Islam and the Last Day
On one level, it is patently obvious that eschatology is a crucial element of the religion of Islam. The Qur'an virtually thunders with warnings of impending cataclysm; it issues shrill warning of certain judgment; and it promises rewards as exhortation...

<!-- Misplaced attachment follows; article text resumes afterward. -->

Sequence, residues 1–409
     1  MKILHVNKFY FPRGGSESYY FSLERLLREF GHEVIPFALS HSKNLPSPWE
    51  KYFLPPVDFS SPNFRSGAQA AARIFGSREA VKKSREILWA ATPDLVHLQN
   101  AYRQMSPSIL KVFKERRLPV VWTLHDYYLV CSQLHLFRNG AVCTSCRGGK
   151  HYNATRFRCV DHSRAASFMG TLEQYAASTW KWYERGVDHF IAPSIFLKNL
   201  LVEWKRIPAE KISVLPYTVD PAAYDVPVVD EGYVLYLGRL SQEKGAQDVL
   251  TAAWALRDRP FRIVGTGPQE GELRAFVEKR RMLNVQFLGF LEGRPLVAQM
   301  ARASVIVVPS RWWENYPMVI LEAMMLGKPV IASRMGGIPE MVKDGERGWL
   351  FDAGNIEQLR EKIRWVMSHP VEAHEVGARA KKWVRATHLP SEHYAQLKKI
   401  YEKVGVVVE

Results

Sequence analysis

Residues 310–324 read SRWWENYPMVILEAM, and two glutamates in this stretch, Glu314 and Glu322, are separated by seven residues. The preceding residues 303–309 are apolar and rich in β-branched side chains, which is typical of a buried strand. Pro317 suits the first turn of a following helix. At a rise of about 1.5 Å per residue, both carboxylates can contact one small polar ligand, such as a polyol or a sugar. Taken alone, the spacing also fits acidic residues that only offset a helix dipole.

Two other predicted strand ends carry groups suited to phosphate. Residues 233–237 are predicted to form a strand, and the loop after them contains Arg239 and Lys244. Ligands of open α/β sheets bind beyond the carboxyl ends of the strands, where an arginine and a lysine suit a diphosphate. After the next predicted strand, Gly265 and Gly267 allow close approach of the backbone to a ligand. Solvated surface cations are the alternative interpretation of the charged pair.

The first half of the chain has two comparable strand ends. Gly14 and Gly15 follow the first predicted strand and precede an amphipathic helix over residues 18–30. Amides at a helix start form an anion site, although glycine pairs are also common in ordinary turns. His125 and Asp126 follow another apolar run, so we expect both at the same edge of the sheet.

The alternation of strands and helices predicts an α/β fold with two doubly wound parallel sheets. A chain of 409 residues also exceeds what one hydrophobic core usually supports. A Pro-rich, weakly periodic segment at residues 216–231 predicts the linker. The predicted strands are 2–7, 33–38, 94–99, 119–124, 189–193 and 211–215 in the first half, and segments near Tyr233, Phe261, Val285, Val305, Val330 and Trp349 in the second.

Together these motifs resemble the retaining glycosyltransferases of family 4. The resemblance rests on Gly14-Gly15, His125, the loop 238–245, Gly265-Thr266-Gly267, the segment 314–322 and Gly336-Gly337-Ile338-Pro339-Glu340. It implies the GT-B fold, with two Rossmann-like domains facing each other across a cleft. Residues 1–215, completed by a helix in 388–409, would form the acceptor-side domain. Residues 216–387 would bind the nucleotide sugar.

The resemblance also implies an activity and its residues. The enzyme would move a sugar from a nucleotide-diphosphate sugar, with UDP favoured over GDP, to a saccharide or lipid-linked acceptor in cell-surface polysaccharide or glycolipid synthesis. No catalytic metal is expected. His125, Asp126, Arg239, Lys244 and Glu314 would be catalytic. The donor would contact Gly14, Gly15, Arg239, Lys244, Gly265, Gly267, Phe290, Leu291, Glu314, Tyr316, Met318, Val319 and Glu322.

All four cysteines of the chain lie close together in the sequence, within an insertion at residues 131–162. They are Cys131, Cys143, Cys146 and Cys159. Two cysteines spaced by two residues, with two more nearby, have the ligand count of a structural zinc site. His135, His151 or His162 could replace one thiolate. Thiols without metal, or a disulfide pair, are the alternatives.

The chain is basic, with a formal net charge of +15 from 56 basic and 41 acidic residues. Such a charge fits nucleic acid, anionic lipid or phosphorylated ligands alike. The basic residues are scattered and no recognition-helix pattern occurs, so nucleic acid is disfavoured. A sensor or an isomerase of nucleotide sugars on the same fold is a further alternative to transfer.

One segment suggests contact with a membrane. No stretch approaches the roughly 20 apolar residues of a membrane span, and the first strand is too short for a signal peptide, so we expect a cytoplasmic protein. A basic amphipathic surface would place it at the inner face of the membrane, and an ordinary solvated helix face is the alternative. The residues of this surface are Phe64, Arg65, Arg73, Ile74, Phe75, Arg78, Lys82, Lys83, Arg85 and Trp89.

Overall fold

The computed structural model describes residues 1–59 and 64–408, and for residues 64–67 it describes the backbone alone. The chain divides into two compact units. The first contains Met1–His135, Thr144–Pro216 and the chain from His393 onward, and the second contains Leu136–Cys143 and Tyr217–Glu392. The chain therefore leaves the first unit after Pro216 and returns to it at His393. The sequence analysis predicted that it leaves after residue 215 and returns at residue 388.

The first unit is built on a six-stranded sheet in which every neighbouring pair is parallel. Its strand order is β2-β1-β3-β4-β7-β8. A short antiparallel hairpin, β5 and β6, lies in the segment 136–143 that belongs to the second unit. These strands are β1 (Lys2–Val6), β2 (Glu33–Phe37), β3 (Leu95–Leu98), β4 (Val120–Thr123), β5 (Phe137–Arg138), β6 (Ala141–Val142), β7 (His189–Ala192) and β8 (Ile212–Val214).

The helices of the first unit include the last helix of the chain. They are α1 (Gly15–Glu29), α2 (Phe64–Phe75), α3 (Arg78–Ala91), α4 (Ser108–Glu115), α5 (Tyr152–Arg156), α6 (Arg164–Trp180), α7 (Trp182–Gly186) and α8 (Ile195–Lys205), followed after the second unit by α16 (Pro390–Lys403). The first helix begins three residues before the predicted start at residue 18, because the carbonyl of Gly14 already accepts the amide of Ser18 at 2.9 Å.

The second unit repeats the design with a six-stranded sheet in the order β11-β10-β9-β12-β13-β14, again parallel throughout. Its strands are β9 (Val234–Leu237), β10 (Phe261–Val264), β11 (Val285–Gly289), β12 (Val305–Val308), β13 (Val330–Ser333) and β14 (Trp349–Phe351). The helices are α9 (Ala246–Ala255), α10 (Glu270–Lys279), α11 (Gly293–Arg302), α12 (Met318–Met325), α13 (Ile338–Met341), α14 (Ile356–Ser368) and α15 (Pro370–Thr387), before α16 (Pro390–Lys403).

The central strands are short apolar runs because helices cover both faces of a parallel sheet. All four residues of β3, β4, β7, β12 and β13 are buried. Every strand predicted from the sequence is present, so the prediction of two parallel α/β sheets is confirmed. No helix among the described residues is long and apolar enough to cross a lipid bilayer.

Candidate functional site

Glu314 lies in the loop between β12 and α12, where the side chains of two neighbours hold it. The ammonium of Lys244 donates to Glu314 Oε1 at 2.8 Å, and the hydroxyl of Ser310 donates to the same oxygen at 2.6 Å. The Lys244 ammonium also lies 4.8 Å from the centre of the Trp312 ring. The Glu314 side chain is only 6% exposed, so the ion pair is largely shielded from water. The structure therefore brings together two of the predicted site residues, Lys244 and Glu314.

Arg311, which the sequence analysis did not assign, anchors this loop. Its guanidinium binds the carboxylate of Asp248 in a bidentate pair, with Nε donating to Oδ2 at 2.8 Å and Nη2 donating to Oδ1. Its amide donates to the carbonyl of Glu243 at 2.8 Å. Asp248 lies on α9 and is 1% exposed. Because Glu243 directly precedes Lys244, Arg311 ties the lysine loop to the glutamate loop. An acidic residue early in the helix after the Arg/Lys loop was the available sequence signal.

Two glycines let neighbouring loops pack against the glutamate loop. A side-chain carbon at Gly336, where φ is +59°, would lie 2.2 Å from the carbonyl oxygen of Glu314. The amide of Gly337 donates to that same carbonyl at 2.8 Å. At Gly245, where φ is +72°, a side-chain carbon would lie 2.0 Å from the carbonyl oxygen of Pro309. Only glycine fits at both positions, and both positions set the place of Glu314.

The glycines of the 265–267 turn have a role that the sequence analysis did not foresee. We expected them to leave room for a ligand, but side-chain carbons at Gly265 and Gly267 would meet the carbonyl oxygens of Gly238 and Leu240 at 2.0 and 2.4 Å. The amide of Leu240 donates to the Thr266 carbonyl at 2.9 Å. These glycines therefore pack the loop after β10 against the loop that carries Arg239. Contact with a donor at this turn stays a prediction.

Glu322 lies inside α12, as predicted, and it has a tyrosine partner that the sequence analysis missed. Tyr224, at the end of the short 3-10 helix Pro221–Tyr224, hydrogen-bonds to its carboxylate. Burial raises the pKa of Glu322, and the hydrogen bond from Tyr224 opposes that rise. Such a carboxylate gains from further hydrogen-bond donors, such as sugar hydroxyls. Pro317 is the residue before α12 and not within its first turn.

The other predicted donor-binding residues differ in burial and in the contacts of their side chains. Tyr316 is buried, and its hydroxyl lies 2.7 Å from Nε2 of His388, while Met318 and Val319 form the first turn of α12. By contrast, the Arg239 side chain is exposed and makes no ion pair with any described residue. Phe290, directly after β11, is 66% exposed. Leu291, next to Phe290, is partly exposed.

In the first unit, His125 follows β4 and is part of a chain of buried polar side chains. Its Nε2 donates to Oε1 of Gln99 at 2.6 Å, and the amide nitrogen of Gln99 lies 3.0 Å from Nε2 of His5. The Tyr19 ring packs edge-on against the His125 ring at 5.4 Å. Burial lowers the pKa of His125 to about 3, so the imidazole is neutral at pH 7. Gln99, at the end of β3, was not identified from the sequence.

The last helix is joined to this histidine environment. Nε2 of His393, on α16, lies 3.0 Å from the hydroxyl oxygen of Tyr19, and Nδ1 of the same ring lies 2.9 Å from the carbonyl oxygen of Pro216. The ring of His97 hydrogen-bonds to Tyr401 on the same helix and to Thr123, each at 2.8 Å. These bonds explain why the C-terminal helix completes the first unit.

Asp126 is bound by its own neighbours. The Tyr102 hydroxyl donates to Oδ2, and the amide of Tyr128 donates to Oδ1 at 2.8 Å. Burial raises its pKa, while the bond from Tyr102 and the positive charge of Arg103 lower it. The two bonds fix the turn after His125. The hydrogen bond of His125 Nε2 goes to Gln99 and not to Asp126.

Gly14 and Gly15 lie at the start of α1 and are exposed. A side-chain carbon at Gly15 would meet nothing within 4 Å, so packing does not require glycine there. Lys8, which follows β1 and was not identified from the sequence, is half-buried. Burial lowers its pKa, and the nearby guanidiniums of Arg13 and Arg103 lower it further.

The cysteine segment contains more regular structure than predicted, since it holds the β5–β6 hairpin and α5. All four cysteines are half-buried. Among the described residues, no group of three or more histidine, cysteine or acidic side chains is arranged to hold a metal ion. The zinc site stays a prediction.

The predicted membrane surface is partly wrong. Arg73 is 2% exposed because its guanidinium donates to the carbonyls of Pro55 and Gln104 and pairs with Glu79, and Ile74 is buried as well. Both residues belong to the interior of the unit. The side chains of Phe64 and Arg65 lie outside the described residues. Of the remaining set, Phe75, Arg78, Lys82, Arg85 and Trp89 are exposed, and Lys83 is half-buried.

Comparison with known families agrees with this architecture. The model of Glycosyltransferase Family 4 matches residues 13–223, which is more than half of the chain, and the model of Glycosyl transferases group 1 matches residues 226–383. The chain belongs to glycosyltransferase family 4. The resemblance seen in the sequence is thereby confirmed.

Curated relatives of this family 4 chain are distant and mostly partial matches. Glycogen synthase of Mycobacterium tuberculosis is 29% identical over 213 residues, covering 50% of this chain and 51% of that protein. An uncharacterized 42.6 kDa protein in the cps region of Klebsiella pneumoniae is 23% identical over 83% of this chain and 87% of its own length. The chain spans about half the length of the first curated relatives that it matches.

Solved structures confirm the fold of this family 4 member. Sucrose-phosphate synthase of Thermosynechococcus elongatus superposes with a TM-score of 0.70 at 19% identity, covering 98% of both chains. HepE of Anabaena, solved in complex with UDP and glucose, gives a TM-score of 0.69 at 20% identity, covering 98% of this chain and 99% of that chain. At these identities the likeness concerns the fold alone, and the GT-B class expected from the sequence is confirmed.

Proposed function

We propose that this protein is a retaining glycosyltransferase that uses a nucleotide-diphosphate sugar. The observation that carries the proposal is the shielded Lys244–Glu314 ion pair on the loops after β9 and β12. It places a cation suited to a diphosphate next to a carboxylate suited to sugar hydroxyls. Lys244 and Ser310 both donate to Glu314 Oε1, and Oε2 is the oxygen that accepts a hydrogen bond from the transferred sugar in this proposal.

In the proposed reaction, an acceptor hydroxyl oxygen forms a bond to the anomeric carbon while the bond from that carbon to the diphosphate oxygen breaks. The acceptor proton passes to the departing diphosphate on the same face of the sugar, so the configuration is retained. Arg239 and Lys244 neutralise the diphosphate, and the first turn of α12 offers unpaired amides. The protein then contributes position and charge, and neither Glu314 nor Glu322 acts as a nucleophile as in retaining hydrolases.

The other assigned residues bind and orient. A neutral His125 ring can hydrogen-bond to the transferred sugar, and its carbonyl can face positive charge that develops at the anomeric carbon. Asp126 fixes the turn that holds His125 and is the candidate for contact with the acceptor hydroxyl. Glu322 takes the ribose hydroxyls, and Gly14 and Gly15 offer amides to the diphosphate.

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On one level, it is patently obvious that eschatology is a crucial element of the religion of Islam. The Qur'an virtually thunders with warnings of impending cataclysm; it issues shrill warning of certain judgment; and it promises rewards as exhortation to the pious. 'The Hour' (of the resurrection to judgment) relentlessly impresses itself on the listener. The 'Fire' and 'Paradise' are famous motifs of the book (particularly the Meccan suras). On the other hand, some elements of Islamic teaching on the interim state of the individual between death and final judgment, or aspects of Islamic expectation about the earth's last days are much less well known. When it comes to the events ushering in the Final Day, the unpredictable energy of Muslim apocalyptic may be compared to the preparation of traditional Arab coffee which is brought to a frothy boil and then allowed to settle back again prior to the next surge: that is, apocalyptic tumult periodically erupts onto the canvas of Muslim society and then recedes, but never disappears, ready to burst out once again at a later time. For some it will be a surprise to discover that a number of scholars attribute the incredible energy and success of the early Islamic conquests to apocalyptic fervour, that is, to the conviction that the end-of-the-world was imminent. A certain type of eschatological dynamic and disruptive energy has been unleashed by apocalyptic expectation throughout Islamic history (both Sunni and Shi'i), including considerable 'latter-days' agitation associated with the recent conflicts in both Iraq and Syria. In its broadest sense, eschatology is a concern of most religious worldviews. That is, eschatology is related to 'last things' or, we might say, 'ends, ' goals, or those things of utmost significance. For most religious systems there is a sense that ultimate meaning and purpose transcend our mere temporal physical existence. In the monotheistic religions in particular the importance of eschatology is very pronounced, sometimes with a rather 'sharp edge.' This is so because Judaism, Christianity, and Islam all hold to a more-or-less 'historical' or 'meta-narratival' construction of history and proclaim the one God as personal, as creator, and as judge: the human story is, at some level, under divine supervision and will one day be brought to conclusion, humanity held to account.